What (approximately) 48 hours with Apex has taught me

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Friday afternoon, around 2:00 I got a message telling me to check out SFDC99.com. At first, I was skeptical, here is yet another blog that is going to teach me Apex / java/ html etc…I had read it all before and have failed just about every time. Part of it was how the knowledge was presented, part of it was me saying “It is 20XX, why am I still having to write lines of code” and part of it was that I can do a BUNCH of cool stuff already with the goodies in Salesforce, what will learning Apex do for me.

Apparently, not my future.

Where we are going, we don’t need code

This blog was different though, the tutorials were written in a conversational and logical manner that made sense and also didn’t come across as a developer talking to a kindergarten class.It also dawned on me…I was doing this stuff already. Sure, it might be through flows or crazy clever formulas and workflows, but the logic was there. My bias was pretty much erased completely once I saw this question:

1. If you can solve a business need using either a workflow or a trigger, which should you use?

Always use a point-and-click solution (workflow) when possible!

  • It’s easier for your team to create and maintain workflows
  • Workflows are easier to find when debugging unexpected behavior in your org
  • Workflows never break!
  • You don’t have to write test classes
Pretty much every developer I have ever worked with

In internet time, this meme is so old it farts dust

The reason this question really hit me was because I have ran into MANY developers that are code first, ask questions (and write documentation, test, get feedback on, deploy correctly) later.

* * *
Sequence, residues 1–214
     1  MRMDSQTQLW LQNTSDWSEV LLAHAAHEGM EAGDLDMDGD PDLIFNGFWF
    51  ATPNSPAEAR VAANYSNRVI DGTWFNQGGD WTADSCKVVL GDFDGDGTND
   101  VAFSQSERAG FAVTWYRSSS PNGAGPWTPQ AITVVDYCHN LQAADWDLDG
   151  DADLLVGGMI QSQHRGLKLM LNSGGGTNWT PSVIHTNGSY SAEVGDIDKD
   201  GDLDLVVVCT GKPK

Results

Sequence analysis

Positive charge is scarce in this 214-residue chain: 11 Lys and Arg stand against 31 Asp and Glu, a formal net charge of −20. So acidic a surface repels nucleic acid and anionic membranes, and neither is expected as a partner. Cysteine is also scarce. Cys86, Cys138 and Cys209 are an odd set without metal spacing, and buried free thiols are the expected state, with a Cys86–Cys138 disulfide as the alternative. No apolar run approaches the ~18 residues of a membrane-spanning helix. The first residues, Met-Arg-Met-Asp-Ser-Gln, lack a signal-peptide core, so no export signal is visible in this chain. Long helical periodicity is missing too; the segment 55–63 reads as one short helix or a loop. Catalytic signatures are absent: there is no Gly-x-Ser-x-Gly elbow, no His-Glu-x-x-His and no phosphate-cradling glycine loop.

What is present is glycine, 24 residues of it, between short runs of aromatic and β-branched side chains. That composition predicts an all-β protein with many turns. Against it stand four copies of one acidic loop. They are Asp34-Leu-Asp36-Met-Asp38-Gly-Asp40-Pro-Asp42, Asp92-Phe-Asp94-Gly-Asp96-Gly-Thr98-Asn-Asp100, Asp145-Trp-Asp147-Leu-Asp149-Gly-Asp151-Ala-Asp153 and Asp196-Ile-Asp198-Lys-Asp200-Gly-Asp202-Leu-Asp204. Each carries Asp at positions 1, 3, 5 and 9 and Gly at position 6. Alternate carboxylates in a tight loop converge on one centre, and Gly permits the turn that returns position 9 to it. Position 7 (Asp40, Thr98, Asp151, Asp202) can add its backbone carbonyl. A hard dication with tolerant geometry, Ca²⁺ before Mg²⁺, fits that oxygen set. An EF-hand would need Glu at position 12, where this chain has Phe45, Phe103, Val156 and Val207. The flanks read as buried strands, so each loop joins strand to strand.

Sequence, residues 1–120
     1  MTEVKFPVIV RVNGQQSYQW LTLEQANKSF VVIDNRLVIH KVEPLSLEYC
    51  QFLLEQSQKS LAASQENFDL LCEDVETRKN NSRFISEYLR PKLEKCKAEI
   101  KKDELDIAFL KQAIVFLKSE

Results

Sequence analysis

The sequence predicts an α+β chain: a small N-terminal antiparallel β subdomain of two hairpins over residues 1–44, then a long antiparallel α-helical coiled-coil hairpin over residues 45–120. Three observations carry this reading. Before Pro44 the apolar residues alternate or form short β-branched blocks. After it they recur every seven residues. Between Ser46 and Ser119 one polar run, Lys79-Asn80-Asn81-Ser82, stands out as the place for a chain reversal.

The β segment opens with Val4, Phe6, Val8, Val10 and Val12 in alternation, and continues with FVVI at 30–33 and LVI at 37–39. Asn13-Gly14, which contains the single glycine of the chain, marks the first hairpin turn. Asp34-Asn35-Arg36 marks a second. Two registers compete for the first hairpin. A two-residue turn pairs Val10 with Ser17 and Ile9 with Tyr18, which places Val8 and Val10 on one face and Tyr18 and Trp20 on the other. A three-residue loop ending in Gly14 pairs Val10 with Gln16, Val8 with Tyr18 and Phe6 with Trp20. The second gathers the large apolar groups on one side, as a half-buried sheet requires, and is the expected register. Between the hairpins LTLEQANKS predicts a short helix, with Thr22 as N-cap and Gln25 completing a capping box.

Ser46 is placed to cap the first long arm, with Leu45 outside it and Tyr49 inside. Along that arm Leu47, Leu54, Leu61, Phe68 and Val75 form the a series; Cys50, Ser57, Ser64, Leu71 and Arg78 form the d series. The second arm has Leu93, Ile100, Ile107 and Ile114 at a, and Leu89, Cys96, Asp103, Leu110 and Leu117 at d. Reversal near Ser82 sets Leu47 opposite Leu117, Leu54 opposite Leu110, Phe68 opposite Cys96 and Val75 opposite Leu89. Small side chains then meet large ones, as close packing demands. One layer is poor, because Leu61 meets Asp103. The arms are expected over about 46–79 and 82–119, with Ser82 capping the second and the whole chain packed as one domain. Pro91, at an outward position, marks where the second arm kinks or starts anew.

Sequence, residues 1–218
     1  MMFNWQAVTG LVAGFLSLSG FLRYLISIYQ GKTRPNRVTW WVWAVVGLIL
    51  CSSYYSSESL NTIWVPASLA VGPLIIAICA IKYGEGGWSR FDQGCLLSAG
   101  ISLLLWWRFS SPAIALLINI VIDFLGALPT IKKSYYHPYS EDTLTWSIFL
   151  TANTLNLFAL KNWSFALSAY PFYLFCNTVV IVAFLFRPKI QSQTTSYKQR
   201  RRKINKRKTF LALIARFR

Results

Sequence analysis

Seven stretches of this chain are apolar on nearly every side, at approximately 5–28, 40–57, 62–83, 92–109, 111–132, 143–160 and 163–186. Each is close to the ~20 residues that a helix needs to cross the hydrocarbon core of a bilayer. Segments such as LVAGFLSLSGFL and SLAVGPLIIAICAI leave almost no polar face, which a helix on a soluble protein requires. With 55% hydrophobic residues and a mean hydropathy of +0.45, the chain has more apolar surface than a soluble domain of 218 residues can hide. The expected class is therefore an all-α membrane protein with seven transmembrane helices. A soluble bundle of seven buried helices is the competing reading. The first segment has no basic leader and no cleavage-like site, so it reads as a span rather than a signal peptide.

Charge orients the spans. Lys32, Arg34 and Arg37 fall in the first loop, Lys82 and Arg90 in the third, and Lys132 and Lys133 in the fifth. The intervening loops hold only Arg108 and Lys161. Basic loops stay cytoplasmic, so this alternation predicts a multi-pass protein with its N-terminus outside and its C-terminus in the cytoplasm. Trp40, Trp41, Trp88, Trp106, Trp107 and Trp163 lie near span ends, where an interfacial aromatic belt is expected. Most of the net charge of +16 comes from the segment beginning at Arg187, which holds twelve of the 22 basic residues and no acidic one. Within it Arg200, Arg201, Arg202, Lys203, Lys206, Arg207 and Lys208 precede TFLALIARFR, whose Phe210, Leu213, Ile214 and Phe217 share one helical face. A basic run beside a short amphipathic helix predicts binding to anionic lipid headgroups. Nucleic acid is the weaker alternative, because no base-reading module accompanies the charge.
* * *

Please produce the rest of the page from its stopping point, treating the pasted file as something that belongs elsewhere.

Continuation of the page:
Having seen and supported the aftermath of this type of developement, I really took a to the whole #ClicksNotCode and #ButtonClickAdmin philosophy to heart. Seeing a developer actually answer this question like I would was like a golden ticket.

Golden Ticket of Apex

First time your class runs with 100% coverage (even though trigger is 5 lines)

It told me I could still believe in all the good stuff that makes a system like Salesforce.com great WHILE learning the dark side.

So, it has been approximately 48 hours since I started doing this thing, and here is what I have learned:

1)      Just because you know code doesn’t mean you know salesforce.

2)      APEX is way more intuitive than whatever code you might have tried to stumble through last time.

3)      I am really thankful for my time supporting traditional CRM systems (Cough, Siebel, Cough) and having to muddle through gnarly SQL statements.

4)      Having to have 75% code coverage is tough, but if you think about what you are trying to do with your trigger and then build out from there, you will do good.

5)      Try and think how you would write a trigger to handle every transactions like getting coffee.

Next steps? Well, I just got my Head First Java book and have been working through that. Honestly, so far installing the JAVA SDK seems to be the hardest part (and I have installed Linux!), but that really isn’t a surprise since it is an Oracle Product.

Clicks not Code Larry, Clicks not Code

The new westcoast beef

I am also going to keep plugging away on the SFDC99.com tutorials. I have went through Chapter4 and am going to spend some time here getting a better grip on the basics before I move along. I am also going to keep “doing what I do” in terms of new functionality in SFDC. I love all the fun stuff like flows and workflows, but much like a padawan with a new lightsaber, I am going to try and use it as much as I can.

Nuts! My lightsaber test class only ran 45% of the lines!

I missed class picture day

 

Andrew

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